Battlefield in front of Franklin, Tenn. where the United States Forces, consisting of the 4th and 23rd Corp and the Cavalry Corps M.D.M., all under the command of Maj. Gen'l J.M. Schofield, severely repulsed the Confederate Army, commanded by Lt. Gen'l Hood November 30th 1864.
1874 (dated) 28.5 x 19 in (72.39 x 48.26 cm)
1 : 10560
This is a separate issue 1874 William Emery Merrill map of the Battle of Franklinduring the American Civil War. Founded in a bend of the Harpeth River, Franklin, Tennessee and its environs are depicted here in incredible detail. Stretching from Dr. Ewing's homestead on the left to S. C. Owen's homestead on the right and from Mrs. Eweler's house near the top to the Kirkpatrick estate near the bottom, numerous homesteads, houses, and settlements are labeled with their owner's name throughout and, within Franklin itself, the individual streets are illustrated and labeled. Even more detail is added through the illustration of roads and railroads, and detailed topography is included and shown by hachure. Union and Confederate forces are illustrated in their battle lines, predominantly to the southeast of Franklin, with the Union forces colored blue and Confederate forces shaded in red.
The Battle of Franklin
The Battle of Franklin, which took place on November 30, 1864, was one of the worst disasters of the war for the Confederate States Army. Led by Lieutenant General John Bell Hood, Confederate forces attacked a fortified Union force and was unable to dislodge the Union soldiers from the position. Although the Confederates exploited a gap in Union fortifications at the beginning of the battle, they were unable to fully take advantage of the break through. The battle ended in a Union counterattack and, essentially, a stalemate, as the Confederates ended the day almost exactly where they had started it. Confederate casualties at least doubled, if not tripled, those suffered by the Union army, and, under the cover of darkness, Union forces abandoned Franklin and continued their very organized retreat to Nashville, where they reinforced an already strong Union defensive line.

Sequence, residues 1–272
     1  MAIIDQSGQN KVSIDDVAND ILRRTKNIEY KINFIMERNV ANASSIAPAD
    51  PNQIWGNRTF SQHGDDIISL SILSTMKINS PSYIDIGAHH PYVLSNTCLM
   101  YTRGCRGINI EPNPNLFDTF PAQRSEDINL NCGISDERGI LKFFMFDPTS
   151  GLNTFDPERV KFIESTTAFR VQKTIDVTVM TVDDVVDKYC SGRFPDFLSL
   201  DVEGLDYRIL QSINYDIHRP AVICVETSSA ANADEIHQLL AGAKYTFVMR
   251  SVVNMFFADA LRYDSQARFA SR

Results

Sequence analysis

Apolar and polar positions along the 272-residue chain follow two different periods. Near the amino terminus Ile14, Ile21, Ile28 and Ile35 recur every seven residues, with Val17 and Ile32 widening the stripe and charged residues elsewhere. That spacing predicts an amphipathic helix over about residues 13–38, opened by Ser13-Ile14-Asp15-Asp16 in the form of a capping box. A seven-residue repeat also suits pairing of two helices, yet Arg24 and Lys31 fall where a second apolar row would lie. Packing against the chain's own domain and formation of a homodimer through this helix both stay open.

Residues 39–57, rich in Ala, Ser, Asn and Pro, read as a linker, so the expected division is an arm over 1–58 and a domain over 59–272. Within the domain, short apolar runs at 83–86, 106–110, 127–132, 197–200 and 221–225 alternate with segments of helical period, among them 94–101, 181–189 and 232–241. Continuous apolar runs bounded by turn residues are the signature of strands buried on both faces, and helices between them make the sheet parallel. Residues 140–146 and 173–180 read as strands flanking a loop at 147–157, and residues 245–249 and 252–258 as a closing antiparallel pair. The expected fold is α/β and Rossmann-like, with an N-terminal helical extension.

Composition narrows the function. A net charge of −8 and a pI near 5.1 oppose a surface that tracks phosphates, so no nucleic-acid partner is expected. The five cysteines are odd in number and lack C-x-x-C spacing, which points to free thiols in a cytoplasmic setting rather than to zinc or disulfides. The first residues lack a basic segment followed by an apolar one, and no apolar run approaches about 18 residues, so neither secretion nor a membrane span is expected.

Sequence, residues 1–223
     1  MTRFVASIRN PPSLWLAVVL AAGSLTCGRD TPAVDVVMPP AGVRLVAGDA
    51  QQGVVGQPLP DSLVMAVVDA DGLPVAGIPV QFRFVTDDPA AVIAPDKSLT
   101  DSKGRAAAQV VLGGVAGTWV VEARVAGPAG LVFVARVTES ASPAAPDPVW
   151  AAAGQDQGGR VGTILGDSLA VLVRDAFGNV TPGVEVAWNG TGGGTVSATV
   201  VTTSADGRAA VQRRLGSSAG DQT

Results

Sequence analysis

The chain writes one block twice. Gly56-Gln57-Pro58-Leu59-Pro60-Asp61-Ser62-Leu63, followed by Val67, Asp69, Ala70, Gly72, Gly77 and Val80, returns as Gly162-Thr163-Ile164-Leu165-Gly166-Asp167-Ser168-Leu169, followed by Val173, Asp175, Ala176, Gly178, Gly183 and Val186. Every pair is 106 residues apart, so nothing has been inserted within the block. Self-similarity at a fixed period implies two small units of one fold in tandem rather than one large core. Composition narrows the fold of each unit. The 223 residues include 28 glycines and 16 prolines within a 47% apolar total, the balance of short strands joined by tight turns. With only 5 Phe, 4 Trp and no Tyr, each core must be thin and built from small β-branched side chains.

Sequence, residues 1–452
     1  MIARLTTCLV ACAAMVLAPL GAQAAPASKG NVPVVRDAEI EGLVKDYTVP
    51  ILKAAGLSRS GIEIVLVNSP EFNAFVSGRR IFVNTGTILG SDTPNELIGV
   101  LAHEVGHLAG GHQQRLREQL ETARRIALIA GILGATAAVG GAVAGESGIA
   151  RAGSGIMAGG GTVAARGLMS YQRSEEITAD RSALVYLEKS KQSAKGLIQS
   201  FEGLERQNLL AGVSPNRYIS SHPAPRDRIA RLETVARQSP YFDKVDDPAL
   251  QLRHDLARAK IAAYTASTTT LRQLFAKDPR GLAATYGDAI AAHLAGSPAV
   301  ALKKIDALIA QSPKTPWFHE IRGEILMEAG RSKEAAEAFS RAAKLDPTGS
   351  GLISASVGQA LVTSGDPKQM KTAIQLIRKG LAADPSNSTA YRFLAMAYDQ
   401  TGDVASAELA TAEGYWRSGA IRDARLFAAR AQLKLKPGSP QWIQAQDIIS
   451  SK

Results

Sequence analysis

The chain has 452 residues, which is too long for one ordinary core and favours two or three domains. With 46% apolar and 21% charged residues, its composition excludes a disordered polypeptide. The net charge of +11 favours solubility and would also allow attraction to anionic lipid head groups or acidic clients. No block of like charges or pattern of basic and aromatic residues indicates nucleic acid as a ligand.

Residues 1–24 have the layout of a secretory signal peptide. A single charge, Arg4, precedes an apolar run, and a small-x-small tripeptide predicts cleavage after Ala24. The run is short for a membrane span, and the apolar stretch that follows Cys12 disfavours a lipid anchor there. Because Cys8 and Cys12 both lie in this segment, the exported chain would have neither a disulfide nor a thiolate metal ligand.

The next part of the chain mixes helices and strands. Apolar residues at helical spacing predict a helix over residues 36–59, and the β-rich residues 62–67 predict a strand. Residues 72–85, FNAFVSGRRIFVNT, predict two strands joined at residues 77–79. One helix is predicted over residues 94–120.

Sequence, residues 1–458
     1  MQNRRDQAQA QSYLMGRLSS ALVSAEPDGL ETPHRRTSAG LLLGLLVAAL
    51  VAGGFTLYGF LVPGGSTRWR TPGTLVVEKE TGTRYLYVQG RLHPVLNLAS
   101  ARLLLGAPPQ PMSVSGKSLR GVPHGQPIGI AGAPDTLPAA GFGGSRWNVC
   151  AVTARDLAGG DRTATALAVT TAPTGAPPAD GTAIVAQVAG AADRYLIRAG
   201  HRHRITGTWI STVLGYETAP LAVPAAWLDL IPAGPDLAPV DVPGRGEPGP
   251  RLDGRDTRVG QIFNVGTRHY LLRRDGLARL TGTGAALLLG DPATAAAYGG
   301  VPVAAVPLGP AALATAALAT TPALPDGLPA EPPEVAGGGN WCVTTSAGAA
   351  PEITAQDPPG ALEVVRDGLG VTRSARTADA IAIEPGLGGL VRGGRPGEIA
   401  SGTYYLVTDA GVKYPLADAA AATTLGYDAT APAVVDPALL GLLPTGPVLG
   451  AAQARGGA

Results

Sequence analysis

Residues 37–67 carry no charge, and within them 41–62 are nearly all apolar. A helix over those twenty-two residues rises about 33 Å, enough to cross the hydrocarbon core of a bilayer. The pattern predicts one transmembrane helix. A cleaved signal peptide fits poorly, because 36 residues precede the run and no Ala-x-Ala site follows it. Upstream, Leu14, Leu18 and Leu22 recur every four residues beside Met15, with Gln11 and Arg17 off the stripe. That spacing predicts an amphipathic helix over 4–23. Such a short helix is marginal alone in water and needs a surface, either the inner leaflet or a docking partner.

This map was compiled under the direction of William Emery Merrill from surveys made by Major James R. Willett, and Major T.J.L. Remington and was published by orde4r of the Secretary of War in the Office of the Chief of Engineers of the U.S. Army. While represented in institutional collections, this map is rarely seen on the market.
William Emery Merrill (October 11, 1837 - December 14, 1891) was an American engineer and soldier. Born at Fort Howard, Wisconsin, Merrill graduated first in his class at the United States Military Academy at West Point i n1859 and served as an assistant professor of engineering at the Academy from September 1860 until July 1861. During the American Civil War, Merrill served as assistant engineer in the Army of the Potomac during the Peninsular Campaign and in the Northern Virginia Campaign. From July 1864 until September 1865, Wright commanded a regiment of veteran volunteer engineers. After the war, from 1867 until 1870, Wright served as chief engineer on the staff of General William T. Sherman and, following his departure from General Sherman's staff, working on engineering project for the government until his death from heart failure in December 1891.
Very good. Even overall toning. Closed margin tears professionally repaired on verso. Blank on verso.
LOC G3964.F7S5 1874 .M41. Stephenson, R. W., Civil War Maps; an Annotated List of Maps and Atlases in Map Collections of the Library of Congress, 423. OCLC 50540153.